A white panelled doorway leads into the light and airy main restaurant, which benefits from three single panel windows and a double panel window down its left-hand side. Chocolate brown leather banquette seating lines both corners, with seating for two single tables and a table for four. These tables are matched with another mix of fabric and leather-covered chairs, this time in yellow and blue hues. In the right corner, a large booth is made by creative placing of a two-seater couch, again in brown leather, giving a more casual feel than the Snug. Black and white hand-drawn pictures by Glaswegian artist Pearl Kinnear decorate the walls, with the largest showing an interpretation of the tree, the bird, the fish and the bell.
A high eight-seater table with bucket bar stools, which are covered in a chocolate brown leather, indicates the start of the restaurant area. The table is marked out by a brass ‘Glengoyne’ plate, which Thom reveals was a discovery from the first hotel to stand on the site – The Apsley Hotel. “When we started refurbishing all the rooms, we found brass plates with names of different distilleries that The Apsley used to indicate rooms so we’ve decided to resurrect them.”
Five three seater wingback couches covered in a cream fabric are arranged in a 2-1-2 formation, making up the left side of the restaurant. The solo couch is matched with a second pale wooden ‘family’ table, which Thom says is a feature for the restaurant. Thom says, “We want the restaurant to be somewhere you can come casually, or for an intimate meal or a family get-together.” The family table also has three chairs in purple and blue around it and on the walls behind, a gird and cleek hangs (a hoop and stick to non-Scots). On the wall beside the next table, there is a whip and peerie (an old-school spinning top toy) which, along with the display cabinets that mark the end of the restaurant, Thom hopes will prompt conversation among diners. He says, “We’ve tried to make the decoration similar to what you would see in any Glasgow home, so books and trinkets that will spark conversations.” On the opposite side, chocolate brown leather banquettes line the wall, separated by a wooden partition for privacy. Underneath wall-mounted chandelier-type lights, single dark wooden tables are arranged with blue and cream fabric-covered chairs and an air conditioning vent has been adapted as a display shelf with more chat-invoking whisky memorabilia.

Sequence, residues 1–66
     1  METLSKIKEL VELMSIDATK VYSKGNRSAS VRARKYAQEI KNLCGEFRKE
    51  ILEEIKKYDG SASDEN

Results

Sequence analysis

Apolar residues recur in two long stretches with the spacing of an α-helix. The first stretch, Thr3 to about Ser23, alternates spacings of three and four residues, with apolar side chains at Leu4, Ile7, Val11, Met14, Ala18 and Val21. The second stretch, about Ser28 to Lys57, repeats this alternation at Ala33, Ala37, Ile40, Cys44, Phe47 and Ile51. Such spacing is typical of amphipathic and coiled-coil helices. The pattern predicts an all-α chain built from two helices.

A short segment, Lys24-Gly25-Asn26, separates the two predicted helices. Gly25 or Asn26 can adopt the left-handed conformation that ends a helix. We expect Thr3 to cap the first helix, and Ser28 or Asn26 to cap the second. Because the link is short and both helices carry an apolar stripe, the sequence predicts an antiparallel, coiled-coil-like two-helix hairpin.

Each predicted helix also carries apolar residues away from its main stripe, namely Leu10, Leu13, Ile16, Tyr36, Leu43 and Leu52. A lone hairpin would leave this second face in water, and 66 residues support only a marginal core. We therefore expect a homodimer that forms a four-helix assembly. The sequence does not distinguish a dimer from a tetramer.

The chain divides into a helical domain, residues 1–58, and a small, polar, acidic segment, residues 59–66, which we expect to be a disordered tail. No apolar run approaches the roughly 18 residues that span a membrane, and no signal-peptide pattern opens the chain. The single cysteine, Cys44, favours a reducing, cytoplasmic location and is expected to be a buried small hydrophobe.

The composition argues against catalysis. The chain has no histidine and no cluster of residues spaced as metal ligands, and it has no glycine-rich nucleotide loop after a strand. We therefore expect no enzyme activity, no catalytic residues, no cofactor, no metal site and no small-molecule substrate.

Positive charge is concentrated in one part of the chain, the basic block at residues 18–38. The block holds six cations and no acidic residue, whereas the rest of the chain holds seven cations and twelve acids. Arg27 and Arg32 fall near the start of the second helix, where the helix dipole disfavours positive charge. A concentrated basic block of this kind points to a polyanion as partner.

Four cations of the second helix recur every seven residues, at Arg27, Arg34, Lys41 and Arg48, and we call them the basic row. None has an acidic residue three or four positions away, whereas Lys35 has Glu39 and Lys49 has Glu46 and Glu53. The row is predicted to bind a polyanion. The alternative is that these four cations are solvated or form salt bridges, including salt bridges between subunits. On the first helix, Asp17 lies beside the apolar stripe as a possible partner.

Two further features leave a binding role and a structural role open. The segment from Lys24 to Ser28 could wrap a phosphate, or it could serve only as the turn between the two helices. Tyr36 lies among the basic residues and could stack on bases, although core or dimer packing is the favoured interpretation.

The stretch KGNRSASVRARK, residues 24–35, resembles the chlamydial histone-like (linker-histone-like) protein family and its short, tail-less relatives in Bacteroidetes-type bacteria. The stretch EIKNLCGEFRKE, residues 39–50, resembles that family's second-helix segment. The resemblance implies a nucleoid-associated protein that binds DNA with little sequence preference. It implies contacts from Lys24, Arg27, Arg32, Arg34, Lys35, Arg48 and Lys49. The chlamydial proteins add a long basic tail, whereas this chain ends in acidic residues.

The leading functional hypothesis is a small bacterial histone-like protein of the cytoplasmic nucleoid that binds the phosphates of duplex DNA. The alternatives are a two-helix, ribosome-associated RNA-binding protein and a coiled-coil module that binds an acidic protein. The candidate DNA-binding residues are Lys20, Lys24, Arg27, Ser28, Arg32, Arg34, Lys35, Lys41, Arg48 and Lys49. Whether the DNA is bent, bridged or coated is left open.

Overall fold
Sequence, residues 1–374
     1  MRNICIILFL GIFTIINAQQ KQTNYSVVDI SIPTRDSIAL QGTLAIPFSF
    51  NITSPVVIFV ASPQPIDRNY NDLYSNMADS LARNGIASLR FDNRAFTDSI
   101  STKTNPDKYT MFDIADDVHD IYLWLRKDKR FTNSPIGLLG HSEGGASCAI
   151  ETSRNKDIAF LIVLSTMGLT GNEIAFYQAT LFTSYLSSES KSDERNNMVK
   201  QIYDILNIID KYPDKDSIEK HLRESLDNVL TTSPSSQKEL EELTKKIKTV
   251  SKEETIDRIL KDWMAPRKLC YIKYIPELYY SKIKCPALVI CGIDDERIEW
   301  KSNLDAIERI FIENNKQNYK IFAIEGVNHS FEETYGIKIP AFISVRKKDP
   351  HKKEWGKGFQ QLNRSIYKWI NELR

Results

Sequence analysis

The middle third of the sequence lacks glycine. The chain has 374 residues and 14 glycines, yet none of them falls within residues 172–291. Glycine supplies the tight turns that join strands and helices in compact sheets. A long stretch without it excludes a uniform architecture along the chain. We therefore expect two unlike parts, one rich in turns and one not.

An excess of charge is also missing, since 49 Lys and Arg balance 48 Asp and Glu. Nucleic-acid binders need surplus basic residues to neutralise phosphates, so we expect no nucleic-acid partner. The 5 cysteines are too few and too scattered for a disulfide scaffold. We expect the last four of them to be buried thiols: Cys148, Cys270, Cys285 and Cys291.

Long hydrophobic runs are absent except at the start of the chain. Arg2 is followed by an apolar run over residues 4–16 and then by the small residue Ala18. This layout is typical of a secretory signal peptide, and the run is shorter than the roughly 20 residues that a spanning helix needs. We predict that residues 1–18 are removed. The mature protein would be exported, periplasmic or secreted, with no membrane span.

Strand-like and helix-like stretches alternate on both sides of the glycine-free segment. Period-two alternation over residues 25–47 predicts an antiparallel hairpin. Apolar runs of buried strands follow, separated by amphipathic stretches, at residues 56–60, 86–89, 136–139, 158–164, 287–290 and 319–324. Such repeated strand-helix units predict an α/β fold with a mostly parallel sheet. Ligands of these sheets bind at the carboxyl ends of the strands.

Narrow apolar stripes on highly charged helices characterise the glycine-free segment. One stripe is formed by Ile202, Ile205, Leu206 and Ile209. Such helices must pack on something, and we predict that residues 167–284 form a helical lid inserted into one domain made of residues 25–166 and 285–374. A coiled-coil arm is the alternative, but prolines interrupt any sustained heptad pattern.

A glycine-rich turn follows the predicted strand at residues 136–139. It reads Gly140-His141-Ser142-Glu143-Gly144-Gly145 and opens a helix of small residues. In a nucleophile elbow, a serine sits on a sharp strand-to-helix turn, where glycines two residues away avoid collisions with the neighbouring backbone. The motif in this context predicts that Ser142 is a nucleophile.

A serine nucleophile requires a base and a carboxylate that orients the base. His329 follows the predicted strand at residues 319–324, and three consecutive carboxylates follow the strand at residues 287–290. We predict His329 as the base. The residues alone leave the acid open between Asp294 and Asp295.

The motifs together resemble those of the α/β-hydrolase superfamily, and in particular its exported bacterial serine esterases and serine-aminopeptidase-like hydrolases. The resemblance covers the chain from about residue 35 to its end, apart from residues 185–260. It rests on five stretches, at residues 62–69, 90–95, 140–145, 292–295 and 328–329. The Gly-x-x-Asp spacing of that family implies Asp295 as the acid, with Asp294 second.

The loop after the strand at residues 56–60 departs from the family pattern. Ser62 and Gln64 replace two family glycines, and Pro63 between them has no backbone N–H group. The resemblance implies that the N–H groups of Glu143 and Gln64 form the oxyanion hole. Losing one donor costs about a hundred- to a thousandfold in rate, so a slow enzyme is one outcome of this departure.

The other addition is The Kelvin Bar. To the left as you come into the lobby, it is named after Lord Kelvin, of whom a striking portrait with a blue lit neon ‘Kelvin’ sign takes up an entire walls.
The bar was constructed from scratch, creating a traditional dark wood bar that wouldn’t look out of place in any Glasgow pub. Four dark wood backed bar stools with royal blue leather cushions surround the bar, and each of the high tables by the tall windows. Lower dark wooden tables gather around the other discovered fireplace, this time in black marble, and the banquette below the Kelvin portrait is in the same chocolate brown leather as the restaurant’s. Historical photographs are arranged on the mantelpiece and wall. The drink offering is eclectic, with The Kelvin being the first bar in Scotland to offer the entire Harviestoun Brewery range and Molson Coors created a white-label lager called Kentigern, which is the real name of St Mungo.
With such a rich heritage, it seems The Birdtree & Bellfish and The Kelvin Bar are happy to have a foot in both the past and the present with its nostalgic yet romantic take on Glaswegian hospitality.